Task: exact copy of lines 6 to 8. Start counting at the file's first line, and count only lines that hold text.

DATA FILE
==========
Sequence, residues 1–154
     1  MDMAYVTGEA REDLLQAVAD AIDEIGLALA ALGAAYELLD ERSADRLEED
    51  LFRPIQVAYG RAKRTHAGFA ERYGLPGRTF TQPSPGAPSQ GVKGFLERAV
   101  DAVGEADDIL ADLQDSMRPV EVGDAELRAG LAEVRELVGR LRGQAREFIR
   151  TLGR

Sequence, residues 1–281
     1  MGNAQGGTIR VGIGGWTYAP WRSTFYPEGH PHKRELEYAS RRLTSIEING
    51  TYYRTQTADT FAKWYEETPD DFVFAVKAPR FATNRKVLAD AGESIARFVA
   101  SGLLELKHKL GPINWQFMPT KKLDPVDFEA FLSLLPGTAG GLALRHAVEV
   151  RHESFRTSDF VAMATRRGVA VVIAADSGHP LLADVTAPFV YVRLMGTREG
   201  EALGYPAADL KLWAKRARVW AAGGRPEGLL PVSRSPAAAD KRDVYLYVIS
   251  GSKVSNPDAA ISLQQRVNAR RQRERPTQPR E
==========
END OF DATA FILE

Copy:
Sequence, residues 1–281
     1  MGNAQGGTIR VGIGGWTYAP WRSTFYPEGH PHKRELEYAS RRLTSIEING
    51  TYYRTQTADT FAKWYEETPD DFVFAVKAPR FATNRKVLAD AGESIARFVA